Hot Mitt inside

Finish stitching that last two inches, and backstitch to secure.

Hot Mitt binding joining

I also zig-zagged that last two inches to finish it off.  Given that it’s BIAS tape, it’s not going to ravel, but hey.  Just thought it needed it.

Hot Mitt binding finished

Flip your mitt right-side out, easing out the thumb and smoothing out the curve.

I cut some scraps into squares with rounded edges, and used the leftover bias tape to make a couple of coasters.  Don’t examine my stitching, because like I said, it’s pretty obvious I went for sturdy over beauty.

Okay, below are the patterns.  Print them out and adjust your printer settings so the inch mark is true, then tape your two halves together.  I scanned my pattern so it’s pretty true; I’m hoping you don’t have to do too much monkeying around.  My hand size? Medium in rubber gloves, so if yours is smaller or larger, use your copier/printed to enlarge or smallerize your pattern.  

Hot Mitt Lower Hot Mitt Upper

Have fun making them!

Hot Mitts final

This is one of the projects on my Finish-A-Long list that I have completed, from Leanne’s Finish-A-Long!

FinishALong Button


I had need to buy a passel of zippers (don’t ask questions around Christmastime!) and found a great online source I thought I’d share (and no, they aren’t paying me to write this).

It’s called Zipperstop.  I navigated to the photo above (under “closed zippers,” then “lightweight,” then “skirt and dress assortment”), which is an illustration of their 50-pack of zippers.  I only needed 25, and I needed them in rainbow colors.  I called the company (they’re in New York) and the person that answered the phone said to leave a note at checkout–there will be a box in which I could write them a note.  So I asked for an assortment of rainbow colors, which you see in the top photo.  I’m very happy with my zipper stash, and now wish I’d bought the full 50, as it’s such a deal (and they are high quality zippers).  Price? Very good, but  don’t forget that there is shipping.  Overall, it’s WAY cheaper than my big box fabric store.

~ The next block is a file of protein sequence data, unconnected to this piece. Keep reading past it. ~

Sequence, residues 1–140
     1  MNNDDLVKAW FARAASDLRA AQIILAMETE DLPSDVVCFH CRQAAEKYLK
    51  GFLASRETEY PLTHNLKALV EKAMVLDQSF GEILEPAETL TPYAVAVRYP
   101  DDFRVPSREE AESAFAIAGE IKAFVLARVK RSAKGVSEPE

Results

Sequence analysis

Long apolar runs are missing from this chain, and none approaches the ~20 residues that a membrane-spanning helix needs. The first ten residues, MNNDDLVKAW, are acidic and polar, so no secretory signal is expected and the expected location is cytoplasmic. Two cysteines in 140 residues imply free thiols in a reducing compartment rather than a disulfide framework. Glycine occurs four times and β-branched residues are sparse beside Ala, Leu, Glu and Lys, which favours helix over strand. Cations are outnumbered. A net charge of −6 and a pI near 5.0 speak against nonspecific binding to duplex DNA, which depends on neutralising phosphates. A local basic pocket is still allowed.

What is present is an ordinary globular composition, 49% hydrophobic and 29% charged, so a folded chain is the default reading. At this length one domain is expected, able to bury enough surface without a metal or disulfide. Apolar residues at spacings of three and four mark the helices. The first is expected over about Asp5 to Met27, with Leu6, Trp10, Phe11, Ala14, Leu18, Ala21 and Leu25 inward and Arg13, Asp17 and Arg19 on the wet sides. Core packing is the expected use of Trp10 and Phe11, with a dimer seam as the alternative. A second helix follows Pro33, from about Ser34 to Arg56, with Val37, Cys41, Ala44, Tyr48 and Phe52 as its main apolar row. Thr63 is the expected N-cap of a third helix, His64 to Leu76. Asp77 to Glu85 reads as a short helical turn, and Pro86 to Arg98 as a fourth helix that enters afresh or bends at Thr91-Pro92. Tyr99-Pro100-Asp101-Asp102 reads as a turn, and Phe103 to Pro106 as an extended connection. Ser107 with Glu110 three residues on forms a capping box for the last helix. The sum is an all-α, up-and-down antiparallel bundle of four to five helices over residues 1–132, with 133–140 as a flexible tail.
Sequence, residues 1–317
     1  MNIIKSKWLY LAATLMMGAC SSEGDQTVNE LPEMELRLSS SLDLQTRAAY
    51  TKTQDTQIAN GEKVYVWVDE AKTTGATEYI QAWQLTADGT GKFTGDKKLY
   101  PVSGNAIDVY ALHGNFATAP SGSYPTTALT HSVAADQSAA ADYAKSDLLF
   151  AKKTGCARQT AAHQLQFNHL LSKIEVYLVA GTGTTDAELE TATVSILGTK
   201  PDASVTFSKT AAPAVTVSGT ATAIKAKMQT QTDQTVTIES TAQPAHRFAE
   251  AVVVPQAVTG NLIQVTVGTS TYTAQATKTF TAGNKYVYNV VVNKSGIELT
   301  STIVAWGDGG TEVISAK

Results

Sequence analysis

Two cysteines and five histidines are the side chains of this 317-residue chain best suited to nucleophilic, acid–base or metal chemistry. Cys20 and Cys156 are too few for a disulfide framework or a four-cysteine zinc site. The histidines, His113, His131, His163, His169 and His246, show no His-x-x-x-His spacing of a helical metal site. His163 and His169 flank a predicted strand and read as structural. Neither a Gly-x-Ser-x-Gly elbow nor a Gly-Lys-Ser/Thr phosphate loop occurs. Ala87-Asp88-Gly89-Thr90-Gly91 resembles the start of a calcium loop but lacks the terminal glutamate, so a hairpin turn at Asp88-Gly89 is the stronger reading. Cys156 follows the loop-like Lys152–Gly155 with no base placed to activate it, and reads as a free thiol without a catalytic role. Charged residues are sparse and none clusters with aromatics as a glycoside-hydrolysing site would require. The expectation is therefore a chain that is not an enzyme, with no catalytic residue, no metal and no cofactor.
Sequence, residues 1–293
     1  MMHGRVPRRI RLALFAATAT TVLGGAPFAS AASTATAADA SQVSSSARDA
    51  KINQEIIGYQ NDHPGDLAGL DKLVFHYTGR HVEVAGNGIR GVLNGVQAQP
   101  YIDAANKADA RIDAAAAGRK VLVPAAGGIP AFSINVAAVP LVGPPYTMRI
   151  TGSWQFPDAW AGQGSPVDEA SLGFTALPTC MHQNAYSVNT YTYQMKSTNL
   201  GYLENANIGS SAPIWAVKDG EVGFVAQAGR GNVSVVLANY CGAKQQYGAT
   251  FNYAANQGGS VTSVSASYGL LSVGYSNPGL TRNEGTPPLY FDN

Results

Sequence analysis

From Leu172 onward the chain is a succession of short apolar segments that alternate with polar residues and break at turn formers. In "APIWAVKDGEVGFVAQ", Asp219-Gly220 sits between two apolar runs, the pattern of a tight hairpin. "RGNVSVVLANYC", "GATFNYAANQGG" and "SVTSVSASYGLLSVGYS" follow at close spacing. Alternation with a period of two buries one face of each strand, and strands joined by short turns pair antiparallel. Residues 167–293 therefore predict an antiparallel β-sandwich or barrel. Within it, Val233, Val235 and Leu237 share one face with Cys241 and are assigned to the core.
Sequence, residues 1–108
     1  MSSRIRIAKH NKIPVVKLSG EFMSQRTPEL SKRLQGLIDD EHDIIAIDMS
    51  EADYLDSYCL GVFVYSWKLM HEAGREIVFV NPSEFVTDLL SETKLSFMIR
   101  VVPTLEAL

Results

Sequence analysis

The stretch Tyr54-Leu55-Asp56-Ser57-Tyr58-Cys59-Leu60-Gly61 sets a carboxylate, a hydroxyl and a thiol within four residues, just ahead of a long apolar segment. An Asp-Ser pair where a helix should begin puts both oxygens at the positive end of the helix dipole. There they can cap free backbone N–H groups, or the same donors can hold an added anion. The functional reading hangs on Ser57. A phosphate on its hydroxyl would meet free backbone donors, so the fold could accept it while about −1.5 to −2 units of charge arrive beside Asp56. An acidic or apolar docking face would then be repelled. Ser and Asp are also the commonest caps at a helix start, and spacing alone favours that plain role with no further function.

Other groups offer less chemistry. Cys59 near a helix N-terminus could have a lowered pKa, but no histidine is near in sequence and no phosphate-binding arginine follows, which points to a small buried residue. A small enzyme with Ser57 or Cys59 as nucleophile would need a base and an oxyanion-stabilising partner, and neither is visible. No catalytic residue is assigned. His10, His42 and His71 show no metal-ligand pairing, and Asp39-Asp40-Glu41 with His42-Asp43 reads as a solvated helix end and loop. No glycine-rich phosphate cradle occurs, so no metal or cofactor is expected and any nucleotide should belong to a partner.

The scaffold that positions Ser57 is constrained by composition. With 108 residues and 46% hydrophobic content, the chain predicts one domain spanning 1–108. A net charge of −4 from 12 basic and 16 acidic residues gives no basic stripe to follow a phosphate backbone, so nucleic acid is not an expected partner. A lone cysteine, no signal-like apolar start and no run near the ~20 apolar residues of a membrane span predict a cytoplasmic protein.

Plus I like talking to people from New York.  They make my California accent sound bland.  But I do have to say that when I lived there, my neighbor came over that first week, and she was from Brooklyn.  We talked and she was lots of fun, so I told her I was trying to figure out where her accent came from.  “Accent?” she said.  “You’re the one with the accent.”

What else did I do this week?